HE: Yes, it was good to experiment with it and to see whether the work had the same resonance when shown on monitors. I suppose, eventually, it becomes something else, which is not necessarily bad. Still, one gets a very different experience when being in a room in the dark surrounded by screens than by standing in front of monitors. When the work is a single film or video, it is much more flexible in terms of ways of showing, or its relation to space, though even in this case I am quite particular with the way it should be presented. But as in the series Chronicles, for example, I am very specific about how the works should be shown, positioned, sized, and so on, as the presentation is as much part of the work. In this case, I feel the room (colour, architecture, light) should be such that it would enhance the experience of viewing, to keep the projected image more vivid, and to make sure that the viewer can only see one, or maximum two, screens at a time. So I often have to build extra walls and divisions. The same applies to the sound quality in the space, as sound is an integral part of the work. I often speak with the musicians I have been collaborating with for some time now – Kelly Jayne-Jones and Pascal Nichols – who have precise ideas of how the sound should be adjusted, so as to avoid too much reverberance and so on.
AWB: How do you approach your audience when making a video or installation? What are some of the key differences for you between creating in each form?
HE: I consider the exhibition space as part of the work – not only the occupied zones, but equally the empty gaps, rhythm, distances. In a Japanese garden, nature becomes representation, points of contemplation and reflection, seeing something outwardly manifesting itself as an intense internal experience. At times, one can only see a piece from a fixed vantage point of view or, on another occasion, you are forced to walk around the corner, or make a turn. There is this choreography of things, and a sort of filmic quality to the way one navigates through space, as in the way one tries to put all the disparate scenes together to make some sort of sense. A lot is improvised in the space, if not most; the way the elements and pieces end up as constellations, for example. I see film and video in a similar way, collecting the material I shoot or find (in the case of earlier works), and then putting them together in a quite intuitive way, usually drawn by a tempo or a sense. In both cases, it is the way things are juxtaposed with one another, the way they speak to each other, or how they are rearranged in space or on the timeline, that creates tension, voids or moments of calm. The work is done in a specific space at a specific moment in time, and it can never repeat itself in the same way. [It is] perhaps closer to a performative act – elements dancing together in time and space – which the viewer is invited to join in. It is space that defines the boundaries, on a macro or micro-level.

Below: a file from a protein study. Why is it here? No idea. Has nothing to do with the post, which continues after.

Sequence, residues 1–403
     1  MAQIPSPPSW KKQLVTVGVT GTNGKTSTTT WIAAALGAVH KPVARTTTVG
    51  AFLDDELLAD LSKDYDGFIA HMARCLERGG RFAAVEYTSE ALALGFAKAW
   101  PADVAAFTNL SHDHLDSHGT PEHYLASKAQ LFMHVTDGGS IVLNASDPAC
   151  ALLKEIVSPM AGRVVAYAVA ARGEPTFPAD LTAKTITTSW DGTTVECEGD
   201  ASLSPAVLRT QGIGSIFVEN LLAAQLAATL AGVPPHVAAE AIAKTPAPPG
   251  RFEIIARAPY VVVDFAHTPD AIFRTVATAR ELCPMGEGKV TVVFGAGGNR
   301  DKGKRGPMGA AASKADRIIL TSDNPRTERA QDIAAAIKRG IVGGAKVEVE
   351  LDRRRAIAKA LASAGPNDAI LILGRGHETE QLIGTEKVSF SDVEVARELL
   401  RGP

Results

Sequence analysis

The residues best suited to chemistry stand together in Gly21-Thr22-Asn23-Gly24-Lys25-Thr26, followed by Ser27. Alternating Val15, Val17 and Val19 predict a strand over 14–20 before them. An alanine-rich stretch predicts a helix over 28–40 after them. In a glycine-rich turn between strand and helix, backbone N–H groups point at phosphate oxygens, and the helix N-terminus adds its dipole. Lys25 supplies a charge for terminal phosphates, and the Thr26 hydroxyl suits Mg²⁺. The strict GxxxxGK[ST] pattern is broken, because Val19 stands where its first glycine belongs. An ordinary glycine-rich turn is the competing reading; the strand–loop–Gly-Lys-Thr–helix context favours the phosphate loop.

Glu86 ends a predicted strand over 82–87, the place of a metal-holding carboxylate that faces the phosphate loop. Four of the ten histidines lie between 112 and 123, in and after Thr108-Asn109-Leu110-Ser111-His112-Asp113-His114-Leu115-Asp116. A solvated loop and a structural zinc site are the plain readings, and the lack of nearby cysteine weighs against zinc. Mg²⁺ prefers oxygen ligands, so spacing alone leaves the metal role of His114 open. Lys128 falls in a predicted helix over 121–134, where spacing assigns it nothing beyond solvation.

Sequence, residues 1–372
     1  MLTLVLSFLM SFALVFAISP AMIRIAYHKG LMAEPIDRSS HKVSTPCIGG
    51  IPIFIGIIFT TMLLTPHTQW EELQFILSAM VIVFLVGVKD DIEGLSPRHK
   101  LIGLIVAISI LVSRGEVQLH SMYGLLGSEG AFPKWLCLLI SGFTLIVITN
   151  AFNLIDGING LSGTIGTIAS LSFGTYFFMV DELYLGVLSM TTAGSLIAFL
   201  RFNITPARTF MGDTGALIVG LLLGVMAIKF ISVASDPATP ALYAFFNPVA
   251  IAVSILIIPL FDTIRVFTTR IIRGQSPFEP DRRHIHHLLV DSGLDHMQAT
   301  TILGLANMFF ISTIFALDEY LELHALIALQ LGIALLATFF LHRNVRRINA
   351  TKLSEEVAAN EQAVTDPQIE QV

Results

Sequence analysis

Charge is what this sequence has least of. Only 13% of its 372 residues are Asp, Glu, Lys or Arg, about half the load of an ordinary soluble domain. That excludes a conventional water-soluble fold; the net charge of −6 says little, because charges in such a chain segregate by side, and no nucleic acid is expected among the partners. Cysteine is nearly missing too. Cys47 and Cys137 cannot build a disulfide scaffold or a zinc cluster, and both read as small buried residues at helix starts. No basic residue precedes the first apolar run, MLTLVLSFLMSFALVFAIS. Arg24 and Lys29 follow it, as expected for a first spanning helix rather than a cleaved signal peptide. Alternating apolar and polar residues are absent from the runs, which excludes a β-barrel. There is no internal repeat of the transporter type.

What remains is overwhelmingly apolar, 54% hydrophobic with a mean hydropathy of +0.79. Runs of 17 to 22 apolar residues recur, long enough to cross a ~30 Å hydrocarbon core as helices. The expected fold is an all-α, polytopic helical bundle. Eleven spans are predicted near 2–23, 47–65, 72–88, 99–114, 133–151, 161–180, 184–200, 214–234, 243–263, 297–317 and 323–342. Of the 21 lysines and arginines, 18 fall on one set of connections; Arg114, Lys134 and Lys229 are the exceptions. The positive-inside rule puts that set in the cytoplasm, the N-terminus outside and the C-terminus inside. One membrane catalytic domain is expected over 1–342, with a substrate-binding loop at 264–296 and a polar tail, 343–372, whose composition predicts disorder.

AWB: What exhibitions, shows, or artworks have you been looking at or gone to recently? Have you seen an exhibition or an artist’s work that you felt strongly about?
HE: I regret that I missed Pierre Huyghe’s recent show at the Los Angeles County Museum of Art. I was on my way back from Las Vegas and got stuck in crazy traffic. Next morning, we flew back to Berlin.